The book that answers the ultimate question

Long game: The Universe’s total lifespan could be 100 trillion trillion trillion years. © Greg Kessler

Does life have any meaning? A hugely important new book called Until the End of Time has just been published by leading physicist Brian Greene. Here are the key points he makes.

It’s the question we all face occasionally – and, usually, set aside for later. What is the meaning of life? Now one of the world’s top thinkers, renowned for his discoveries in superstring theory, has written a book with his answer.

A daunting 400-pages long, it is subtitled, “Mind, matter and the search for meaning in an evolving universe”. Here, to make things easier, is his thesis in six paragraphs.

The Universe will end. The two great principles of the Universe are evolution (things are constantly coming together in new combinations) and entropy, which means that everything falls apart after time. They are constantly fighting it out, but entropy will win in the end. The Universe will become ever bigger and colder, the sun will go out, and even atoms will dissolve.

Everything is connected. It is wrong to see ourselves as separate from the rest of the Universe. We are literally made of stardust (matter from stars that exploded) and everything about us, including our ability to think, has evolved according to the same laws as everything else. Recognising that we are part of a much greater reality lets us see our lives in an exciting new way.

Humans are significant. In cosmic terms, human existence is the blink of an eye. Yet in science and the arts, we have achieved extraordinary things that may not be matched in a billion years. Striving for such achievements, together with our love for others, is what gives purpose and meaning to our lives.

Science should respect religion. Science does not have all the answers. It is useful in exploring external reality, but there are other ways of trying to understand life. Religion helps us explore our own consciousness and our place in the Universe as a whole.

Schools test too much. Science is not about passing exams. There is no single way to solve a problem: what matters is looking for answers in inventive ways. Education should aim to free young minds to think creatively and originally.

Time travel is possible. If you travelled in a rocket at close to the speed of light for six months, and then returned to Earth, you would find that thousands of years had passed. We just need to develop the right rocket.

What does this all add up to? Does life have any meaning?

Mind over matter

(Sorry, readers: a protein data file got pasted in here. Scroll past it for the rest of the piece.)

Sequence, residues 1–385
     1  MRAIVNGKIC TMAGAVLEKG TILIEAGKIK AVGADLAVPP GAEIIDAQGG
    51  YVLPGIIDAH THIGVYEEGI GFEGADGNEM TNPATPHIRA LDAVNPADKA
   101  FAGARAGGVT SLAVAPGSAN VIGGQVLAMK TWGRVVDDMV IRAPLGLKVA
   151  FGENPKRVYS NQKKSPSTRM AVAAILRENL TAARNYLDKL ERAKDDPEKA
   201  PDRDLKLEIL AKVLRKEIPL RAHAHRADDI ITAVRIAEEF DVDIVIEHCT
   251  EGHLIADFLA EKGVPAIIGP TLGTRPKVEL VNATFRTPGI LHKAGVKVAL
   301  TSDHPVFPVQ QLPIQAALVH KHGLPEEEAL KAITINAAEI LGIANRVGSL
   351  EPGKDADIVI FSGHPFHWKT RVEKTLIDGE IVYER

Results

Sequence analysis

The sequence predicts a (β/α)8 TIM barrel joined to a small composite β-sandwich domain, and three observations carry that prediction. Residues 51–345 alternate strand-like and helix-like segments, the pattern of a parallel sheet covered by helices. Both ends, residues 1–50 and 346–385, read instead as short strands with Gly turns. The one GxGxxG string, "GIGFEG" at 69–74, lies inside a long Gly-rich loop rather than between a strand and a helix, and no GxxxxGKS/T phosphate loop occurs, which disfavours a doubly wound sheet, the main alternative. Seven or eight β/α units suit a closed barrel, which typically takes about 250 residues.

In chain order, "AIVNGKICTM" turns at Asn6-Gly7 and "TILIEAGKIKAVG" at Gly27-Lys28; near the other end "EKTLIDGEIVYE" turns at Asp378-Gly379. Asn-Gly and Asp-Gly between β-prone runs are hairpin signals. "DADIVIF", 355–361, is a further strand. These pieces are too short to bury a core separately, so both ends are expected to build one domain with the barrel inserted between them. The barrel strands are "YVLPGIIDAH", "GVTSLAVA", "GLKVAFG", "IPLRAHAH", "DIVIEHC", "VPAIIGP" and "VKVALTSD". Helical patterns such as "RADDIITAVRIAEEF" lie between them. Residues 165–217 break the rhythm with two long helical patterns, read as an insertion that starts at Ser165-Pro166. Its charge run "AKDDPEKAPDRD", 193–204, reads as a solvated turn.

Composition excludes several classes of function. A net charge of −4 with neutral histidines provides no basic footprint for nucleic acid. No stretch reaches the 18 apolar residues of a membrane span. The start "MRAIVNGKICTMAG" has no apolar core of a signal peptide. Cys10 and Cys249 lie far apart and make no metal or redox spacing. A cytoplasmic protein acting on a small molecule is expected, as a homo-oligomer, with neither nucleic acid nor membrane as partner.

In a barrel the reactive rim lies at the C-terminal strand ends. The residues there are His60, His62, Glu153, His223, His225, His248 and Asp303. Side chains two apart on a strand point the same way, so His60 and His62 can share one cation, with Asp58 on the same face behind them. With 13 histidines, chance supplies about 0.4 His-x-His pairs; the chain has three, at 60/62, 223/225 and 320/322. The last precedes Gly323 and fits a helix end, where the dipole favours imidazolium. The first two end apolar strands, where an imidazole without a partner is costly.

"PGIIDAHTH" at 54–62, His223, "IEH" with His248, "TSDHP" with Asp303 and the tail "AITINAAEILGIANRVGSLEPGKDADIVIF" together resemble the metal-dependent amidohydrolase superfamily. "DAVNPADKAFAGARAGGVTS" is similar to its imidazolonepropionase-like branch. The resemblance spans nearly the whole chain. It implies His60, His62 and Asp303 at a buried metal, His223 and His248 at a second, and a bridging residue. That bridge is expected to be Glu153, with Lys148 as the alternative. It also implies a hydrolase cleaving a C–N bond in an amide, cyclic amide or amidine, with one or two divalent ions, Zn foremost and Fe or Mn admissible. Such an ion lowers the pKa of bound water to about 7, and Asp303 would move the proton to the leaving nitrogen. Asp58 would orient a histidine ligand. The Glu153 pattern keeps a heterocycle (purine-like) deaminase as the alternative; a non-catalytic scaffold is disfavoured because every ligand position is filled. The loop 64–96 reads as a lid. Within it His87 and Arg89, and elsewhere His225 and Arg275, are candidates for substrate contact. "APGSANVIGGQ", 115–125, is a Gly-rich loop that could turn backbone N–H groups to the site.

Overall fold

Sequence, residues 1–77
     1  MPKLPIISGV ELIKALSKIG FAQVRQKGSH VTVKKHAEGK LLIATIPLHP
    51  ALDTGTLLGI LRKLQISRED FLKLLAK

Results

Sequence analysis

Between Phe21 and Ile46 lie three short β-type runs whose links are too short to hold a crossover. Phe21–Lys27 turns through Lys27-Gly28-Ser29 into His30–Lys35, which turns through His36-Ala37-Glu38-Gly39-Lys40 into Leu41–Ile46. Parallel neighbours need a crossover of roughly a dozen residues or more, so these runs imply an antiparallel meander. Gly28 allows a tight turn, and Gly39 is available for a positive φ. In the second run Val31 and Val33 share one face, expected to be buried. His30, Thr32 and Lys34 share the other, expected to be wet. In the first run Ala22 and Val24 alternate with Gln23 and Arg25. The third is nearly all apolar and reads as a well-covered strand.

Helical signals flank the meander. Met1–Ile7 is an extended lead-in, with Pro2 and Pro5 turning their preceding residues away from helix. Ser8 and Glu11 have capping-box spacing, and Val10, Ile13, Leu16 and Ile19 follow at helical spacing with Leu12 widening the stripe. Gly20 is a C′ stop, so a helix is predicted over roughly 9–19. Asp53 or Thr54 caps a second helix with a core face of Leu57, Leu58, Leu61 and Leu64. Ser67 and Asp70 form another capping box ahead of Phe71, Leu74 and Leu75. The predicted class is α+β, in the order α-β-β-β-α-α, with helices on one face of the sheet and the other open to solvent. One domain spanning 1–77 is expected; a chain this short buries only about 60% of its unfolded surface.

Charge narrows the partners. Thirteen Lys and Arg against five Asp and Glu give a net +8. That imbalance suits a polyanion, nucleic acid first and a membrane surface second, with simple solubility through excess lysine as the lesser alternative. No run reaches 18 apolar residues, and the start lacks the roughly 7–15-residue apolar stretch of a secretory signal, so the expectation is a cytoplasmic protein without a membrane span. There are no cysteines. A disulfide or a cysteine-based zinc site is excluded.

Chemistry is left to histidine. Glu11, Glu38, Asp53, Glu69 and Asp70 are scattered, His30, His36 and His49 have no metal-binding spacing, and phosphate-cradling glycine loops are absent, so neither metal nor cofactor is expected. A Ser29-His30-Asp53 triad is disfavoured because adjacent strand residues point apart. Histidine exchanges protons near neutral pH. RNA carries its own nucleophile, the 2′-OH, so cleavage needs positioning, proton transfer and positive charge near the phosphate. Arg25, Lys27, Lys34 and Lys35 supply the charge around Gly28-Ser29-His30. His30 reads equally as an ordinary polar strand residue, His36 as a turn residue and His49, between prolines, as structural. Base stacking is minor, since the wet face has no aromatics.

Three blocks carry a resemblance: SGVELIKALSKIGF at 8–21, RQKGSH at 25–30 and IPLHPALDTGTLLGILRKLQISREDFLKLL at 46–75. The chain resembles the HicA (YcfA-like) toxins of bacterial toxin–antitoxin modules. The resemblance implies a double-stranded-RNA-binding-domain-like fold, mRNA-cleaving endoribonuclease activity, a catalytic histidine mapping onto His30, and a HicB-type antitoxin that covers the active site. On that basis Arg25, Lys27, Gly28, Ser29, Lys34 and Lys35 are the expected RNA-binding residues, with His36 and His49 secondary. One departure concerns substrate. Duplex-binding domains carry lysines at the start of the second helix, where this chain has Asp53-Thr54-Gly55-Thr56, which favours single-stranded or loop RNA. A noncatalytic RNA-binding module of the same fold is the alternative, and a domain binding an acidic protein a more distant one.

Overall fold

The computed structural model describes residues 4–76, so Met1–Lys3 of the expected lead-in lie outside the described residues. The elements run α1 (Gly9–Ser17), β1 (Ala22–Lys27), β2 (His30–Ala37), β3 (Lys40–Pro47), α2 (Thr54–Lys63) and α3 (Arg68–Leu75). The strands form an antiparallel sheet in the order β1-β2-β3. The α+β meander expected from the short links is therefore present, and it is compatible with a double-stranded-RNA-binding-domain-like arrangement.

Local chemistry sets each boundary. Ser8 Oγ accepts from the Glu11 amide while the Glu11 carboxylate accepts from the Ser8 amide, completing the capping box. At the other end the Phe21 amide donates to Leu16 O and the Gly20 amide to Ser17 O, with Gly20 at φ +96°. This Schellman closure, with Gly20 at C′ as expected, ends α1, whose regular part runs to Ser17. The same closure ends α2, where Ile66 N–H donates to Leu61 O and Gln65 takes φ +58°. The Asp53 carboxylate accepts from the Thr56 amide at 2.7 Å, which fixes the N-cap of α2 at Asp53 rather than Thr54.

Some say that because we are such tiny specks in a vast universe, it is ridiculous to think that our lives have any purpose or significance. It is a fluke that our planet happens to support life, and equally lucky that we have evolved into what we are. If we did not exist, it would make no difference to anything in the great scheme of things. Our eventual extinction will go unnoticed.

Others argue that it is precisely because we are tiny specks that we can be said to have a purpose. Logically, a race of our size should be of no significance whatsoever. But it is perverse to pretend that a work of art like the Mona Lisa, or a discovery like superstring theory, is of no importance. If we have the ability to achieve such things, pursuing them must be our reason for being here.

You Decide

  1. Would you like to travel in a rocket that took you thousands of years into the future?
  2. Is there any point in discussing a question to which there can be no definite answer?


  1. Brian Greene compares history to a skyscraper, with the Universe becoming 10 times older with every floor you climb. We are now at the 10th floor. Draw a skyscraper and label the age reached at each floor, with the first floor as year 10, the second floor as year 100, and so on.
  2. Imagine that you have an opportunity to interview Brian Greene. Make a list of eight questions about the Universe that you would like to ask him.

Some People Say...

“Our prime purpose in this life is to help others. And if you can’t help them, at least don’t hurt them.”

The Dalai Lama, Tibetan religious leader

What do you think?

Q & A

What do we know?
Seeking the meaning of life has challenged the greatest minds in human history. There has long been a divide between religious thinkers, who believe that we have been created with a particular purpose, and scientists, who see humans as lucky products of the laws of nature. Brian Greene was drawn to physics because there was no generally agreed answer. “Instead, I got interested in the context: not why am I here, but how did I come to be here?”
What do we not know?
Whether scientists will ever produce a theory which explains all the workings of the Universe. Brian Green does not believe that they will. The best they can do is come up with a provisional one, based on observation, experiments, and analysis, and then test it to see whether it collapses under scrutiny. “When it does, we come up with even more powerful ideas to take us the next step forward.”

Word Watch

Superstring theory
The scientific idea that all the particles and fundamental forces in the world interconnect, as if they were the vibrations of tiny strings.
The process by which things develop from their basic forms into more sophisticated ones. The most important explanation of it was Charles Darwin’s The Origin of Species, published in 1859.
The laws of physics state that energy of all kinds disperses if there is nothing to stop it from doing so. Entropy is the measure of the disorder that results.
A stroke of luck.
Showing a deliberate and stubborn desire to behave in a way that is unreasonable or unacceptable.
Mona Lisa
A portrait by the Italian artist Leonardo da Vinci (1452-1519), considered to be one of the world’s greatest paintings.

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